Bonnie Ware, a palliative care nurse, attempted to ascertain the most common regrets her patients had when they looked back on their lives. In her work she discovered that there were five regrets that came up most often for people in their last days. The original article and several interpretations of her work have been floating around for years and I know that I’ve shared them before.
Here is what she discovered are the top five regrets of the dying:
1.) I wish I had the courage to live a life true to myself not the life others expected of me
2.) I wish I did not work so hard
3.) I wish I had the courage to express my feelings
4.) I wish I had stayed in touch with my friends
5.) I wish I had let myself be happier
Please take a moment and consider the items above.
I’m reminded of several other quotes by people facing their mortality or working with those facing mortality:
“So many people walk around with a meaningless life. They seem half-asleep, even when they’re busy doing things they think are important. This is because they’re chasing the wrong things. The way you get meaning into your life is to devote yourself to loving others, devote yourself to your community around you, and devote yourself to creating something that gives you purpose and meaning.”
― Mitch Albom,
“What is the most appropriate thing to say to a friend who was about to die. He answered: tell your friend that in his death, a part of you dies and goes with him. Whenever he goes, you also go. He will not be alone.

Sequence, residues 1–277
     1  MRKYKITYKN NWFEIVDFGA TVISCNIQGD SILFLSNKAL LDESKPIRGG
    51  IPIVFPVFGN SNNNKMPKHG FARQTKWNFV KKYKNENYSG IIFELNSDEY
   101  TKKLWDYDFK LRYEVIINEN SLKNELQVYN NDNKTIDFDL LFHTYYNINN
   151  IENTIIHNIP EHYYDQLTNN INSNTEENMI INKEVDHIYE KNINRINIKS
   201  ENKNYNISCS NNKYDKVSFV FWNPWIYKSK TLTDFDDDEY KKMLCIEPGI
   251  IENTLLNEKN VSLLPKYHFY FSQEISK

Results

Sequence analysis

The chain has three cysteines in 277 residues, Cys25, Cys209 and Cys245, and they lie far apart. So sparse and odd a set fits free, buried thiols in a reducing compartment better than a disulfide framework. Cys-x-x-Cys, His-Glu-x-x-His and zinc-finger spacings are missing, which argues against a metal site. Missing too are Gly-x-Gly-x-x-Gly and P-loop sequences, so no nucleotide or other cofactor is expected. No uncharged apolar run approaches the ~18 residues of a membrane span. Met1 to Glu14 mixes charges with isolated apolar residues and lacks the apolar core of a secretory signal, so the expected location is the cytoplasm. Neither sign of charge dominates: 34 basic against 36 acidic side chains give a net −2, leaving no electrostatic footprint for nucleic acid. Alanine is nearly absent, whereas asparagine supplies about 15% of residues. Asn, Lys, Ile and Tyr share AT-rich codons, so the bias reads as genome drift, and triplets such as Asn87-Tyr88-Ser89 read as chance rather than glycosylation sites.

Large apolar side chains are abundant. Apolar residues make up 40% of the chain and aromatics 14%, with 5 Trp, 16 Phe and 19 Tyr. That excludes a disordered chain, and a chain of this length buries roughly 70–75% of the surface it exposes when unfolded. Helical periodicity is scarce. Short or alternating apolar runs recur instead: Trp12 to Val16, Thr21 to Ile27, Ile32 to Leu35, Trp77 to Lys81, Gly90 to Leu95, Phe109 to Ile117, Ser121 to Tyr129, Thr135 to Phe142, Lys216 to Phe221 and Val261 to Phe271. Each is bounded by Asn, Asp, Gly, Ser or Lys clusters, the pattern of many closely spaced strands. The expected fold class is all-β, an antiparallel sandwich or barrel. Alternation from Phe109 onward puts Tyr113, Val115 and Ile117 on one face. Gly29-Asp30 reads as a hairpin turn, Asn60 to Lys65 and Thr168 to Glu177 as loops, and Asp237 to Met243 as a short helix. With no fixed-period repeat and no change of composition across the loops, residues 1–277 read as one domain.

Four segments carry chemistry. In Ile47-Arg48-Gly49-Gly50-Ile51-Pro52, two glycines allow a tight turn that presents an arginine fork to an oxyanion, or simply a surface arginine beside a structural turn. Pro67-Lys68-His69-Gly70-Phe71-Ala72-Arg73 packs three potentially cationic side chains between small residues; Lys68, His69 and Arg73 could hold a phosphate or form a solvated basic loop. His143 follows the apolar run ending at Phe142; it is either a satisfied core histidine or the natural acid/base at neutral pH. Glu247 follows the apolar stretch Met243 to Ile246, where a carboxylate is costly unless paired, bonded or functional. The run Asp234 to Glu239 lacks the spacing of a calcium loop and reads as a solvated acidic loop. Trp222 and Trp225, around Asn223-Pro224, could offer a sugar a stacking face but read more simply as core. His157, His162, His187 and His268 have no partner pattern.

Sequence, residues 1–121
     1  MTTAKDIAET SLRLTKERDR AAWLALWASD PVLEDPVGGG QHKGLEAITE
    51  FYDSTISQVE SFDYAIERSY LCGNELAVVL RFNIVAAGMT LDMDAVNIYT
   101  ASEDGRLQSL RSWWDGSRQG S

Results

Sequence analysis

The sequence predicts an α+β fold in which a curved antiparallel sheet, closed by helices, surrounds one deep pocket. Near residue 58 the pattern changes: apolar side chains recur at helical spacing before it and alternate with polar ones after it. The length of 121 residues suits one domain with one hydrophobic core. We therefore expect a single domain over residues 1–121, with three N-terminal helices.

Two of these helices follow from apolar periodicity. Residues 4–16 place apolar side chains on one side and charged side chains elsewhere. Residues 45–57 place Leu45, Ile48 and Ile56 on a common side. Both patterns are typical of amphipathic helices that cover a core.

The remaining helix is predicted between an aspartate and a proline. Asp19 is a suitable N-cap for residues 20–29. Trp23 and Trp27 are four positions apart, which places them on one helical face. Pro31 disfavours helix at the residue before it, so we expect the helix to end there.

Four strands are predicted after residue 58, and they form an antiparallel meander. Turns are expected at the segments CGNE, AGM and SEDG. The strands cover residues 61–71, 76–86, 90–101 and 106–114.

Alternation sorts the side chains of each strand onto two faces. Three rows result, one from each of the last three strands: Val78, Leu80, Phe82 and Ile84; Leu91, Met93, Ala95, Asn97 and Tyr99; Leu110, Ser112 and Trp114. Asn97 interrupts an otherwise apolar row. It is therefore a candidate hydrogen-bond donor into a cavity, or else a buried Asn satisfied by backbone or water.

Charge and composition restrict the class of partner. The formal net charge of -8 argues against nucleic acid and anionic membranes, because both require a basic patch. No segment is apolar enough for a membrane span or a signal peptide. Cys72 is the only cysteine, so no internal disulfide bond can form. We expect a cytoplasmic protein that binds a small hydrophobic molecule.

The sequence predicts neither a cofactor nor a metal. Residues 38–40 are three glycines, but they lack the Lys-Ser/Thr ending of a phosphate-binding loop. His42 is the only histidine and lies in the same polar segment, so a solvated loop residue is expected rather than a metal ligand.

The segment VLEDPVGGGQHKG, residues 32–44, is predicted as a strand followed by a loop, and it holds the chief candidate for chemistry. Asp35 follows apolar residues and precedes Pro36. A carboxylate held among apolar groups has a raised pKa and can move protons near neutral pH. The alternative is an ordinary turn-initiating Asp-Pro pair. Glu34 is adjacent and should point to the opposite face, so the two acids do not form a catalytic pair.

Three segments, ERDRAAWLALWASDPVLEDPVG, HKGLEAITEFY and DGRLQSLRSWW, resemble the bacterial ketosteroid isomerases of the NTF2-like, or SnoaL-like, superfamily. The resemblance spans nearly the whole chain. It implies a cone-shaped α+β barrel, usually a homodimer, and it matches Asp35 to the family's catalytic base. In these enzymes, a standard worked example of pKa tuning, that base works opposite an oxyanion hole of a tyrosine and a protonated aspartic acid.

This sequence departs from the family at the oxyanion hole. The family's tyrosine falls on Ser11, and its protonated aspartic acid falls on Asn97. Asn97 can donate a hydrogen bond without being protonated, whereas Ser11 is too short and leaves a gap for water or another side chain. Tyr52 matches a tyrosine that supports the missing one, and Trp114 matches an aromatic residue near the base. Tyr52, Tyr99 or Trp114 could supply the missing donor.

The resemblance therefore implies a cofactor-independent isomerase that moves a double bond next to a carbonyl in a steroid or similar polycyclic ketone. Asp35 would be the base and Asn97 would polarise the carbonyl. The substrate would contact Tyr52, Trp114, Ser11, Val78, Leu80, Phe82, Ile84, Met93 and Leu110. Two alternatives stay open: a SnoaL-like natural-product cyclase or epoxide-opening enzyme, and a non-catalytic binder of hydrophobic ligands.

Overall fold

― Randy Pausch,
“We run after values that, at death, become zero. At the end of your life, nobody asks you how many degrees you have, or how many mansions you built, or how many Rolls Royces you could afford. That’s what dying patients teach you.”
– Elisabeth Kubler-Ross
If you laugh, you think, and you cry, that’s a full day. That’s a heck of a day. You do that seven days a week, you’re going to have something special. – Jim Valvano (thanks Rik)
Let me highlight what is NOT on that list:
1.) I wish I had more stuff
2.) I wish I had newer things
3.) I wish I fewer people to love
4.) I wish I made more money and spent more time at work
5.) I wish I did what everyone told me to do without ever offering up an opinion on what might actually make me happy.
The truth is we are all going to die and we have no idea when that is going to happen. Maybe it’s morbid, maybe it’s because I have experienced a lot of loss in my life, or maybe it’s because I spent some of my own career working with death and dying, but knowing that death is imminent gives me the courage to try my best to live a life that I love with the people that I love.
“Once people’s days truly are numbered, their priorities do seem to shift. According to research done on socioemotional selectivity theory, older people are more present-oriented than younger people, and are more selective in who they spend time with, sticking mostly with family and old, close friends. Other studies have shown them to also be more forgiving, and to care more for others, and less about enhancing themselves.” – The Atlantic, Julie Beck, 2015
I think death forces into perspective a great appreciation for life. Frankly, I don’t think we talk about death or grief enough in this culture.
Okay, now pause and check your pulse and take a breath.
Both of those work out okay?
Good, that means you still have time.
Image from: http://nhne-pulse.org/regrets-of-the-dying/